Ulster Logo
Link to facebook  Link to INCOREinfo on twitter  Link to INCORE rss feed    Linkedin link Linkedin link

The Ethnic Conflict Research Digest


The New Great Power Coalition
Richard Rosecrance, Editor

Lanham, MD: Rowman & Littlefield, 2001
ISBN 0-7425-1009-3, 388 pp

In a series of theoretical analyses and case studies edited by Richard Rosecrance of the University of California at Los Angeles, contributors argue that conditions in the international system are ripe for the emergence of a Great Power Concert similar to the successful Concert of Europe.

The goal of this concert, as identified by Arthur Stein of UCLA, would be to provide a more effective body than the UN Security Council which -- while limited notably by the absence of Japan and Germany as permanent members -- currently undertakes some of the activities of an evolving Great Power Concert.

What stands between the status quo and the creation of a successful concert is the incorporation of Russia and China. This is of course a big hurdle, and it enters into some of the most sensitive areas of great power -- and, importantly, United States -- foreign policy.

The idea of a concert is a solid advance toward the identification of an overreaching description of the post-Cold War international system. The concert envisioned neatly incorporates international organizations as key players that effectuate policies. While continuing to foster interdependence, these transnational organs bring closer together existing members, and can formalize the norms that must be adopted by perspective members.

The four-part study begins with a series of case studies of situations in which sanctions and incentives have been used to differing levels of success. This section provides some good background on the use of sanctions by, mainly, the United States. Yet, some of the cases reveal the alienating impact sanctions can have. One senses here that the authors assign more favor to positive sanctioning; but the argument seems to be merely gleaned from failures of punitive sanctions.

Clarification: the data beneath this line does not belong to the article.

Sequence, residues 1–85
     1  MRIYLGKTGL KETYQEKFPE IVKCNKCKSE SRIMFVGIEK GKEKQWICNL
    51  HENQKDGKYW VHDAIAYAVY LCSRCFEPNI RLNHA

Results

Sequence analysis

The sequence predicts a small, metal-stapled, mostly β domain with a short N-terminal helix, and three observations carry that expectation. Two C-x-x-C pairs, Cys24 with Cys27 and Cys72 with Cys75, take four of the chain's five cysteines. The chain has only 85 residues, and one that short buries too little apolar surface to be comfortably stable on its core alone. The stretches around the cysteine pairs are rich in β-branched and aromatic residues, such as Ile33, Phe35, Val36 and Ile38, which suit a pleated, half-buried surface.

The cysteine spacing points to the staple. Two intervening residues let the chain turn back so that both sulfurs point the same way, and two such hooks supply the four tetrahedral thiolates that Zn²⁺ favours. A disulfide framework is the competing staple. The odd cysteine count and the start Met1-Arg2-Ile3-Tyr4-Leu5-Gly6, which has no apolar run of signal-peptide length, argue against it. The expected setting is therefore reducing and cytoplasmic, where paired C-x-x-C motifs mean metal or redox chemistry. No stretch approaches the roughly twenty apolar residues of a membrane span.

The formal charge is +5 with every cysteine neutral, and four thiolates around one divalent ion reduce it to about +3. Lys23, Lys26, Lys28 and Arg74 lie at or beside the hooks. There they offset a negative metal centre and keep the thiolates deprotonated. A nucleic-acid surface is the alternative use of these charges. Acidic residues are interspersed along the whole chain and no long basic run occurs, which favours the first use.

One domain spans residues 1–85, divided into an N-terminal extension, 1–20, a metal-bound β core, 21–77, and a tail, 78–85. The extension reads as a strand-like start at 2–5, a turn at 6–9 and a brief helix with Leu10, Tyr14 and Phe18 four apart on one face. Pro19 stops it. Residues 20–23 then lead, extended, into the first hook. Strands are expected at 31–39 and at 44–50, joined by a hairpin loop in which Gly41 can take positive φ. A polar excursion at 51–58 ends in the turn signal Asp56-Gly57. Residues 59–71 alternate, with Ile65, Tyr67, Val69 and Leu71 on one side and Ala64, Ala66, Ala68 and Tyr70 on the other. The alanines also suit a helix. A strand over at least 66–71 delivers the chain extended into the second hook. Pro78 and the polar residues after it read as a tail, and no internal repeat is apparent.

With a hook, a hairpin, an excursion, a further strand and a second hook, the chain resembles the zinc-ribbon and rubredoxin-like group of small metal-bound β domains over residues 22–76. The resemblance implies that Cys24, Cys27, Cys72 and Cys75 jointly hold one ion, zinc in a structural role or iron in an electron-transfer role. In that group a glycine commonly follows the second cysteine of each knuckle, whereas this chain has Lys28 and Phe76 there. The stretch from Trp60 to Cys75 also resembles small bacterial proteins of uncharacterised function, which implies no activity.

The use of sanctions by the putative concert is a great question; sanctions require significant cooperation among senders to be effective. Are there cases where agreement is sufficient between the great powers to truly follow through on a sanctions regime? And what of enforcement? The final part of the study presents prescriptions for bringing China and Russia into the concert, yet little attempt is made to discuss the use of sanctions as a tool of an expanded concert.

China and Russia are key, of course. Yet, as Jennifer Kibbe, Rosecrance and Stein observe in a concluding piece, the United States must be prepared to sacrifice some of its autonomy if it wishes the same of China (370). As the authors observe, the present U.S. Administration has not shown great willingness to do so. In fact, the White House's 2002 National Security Strategy -- which received far more attention than that document ever had in the past -- seemed to proscribe this. The critical question is, can the ripe conditions, well argued by the authors, persevere until a strategy shift? And, in fact, with an important potential member seemingly uninterested, are conditions really so ripe?

This volume offers a thoughtful consideration of an organizing paradigm for contemporary international relations and ultimately offers convincing theoretical evidence of how this may develop. But, more exploration of roadblocks may be required. In particular, deeper treatment of how the perspective concert might deal with an ethnic conflict would be a welcome addition; such a discussion might even help to make the idea of a concert more appealing to policymakers.

Jon Levy, The John Hopkins University

Disclaimer: © INCORE 2010 Last Updated on Monday, 10-Aug-2015 12:20
contact usgoto the search page
go to the top of this page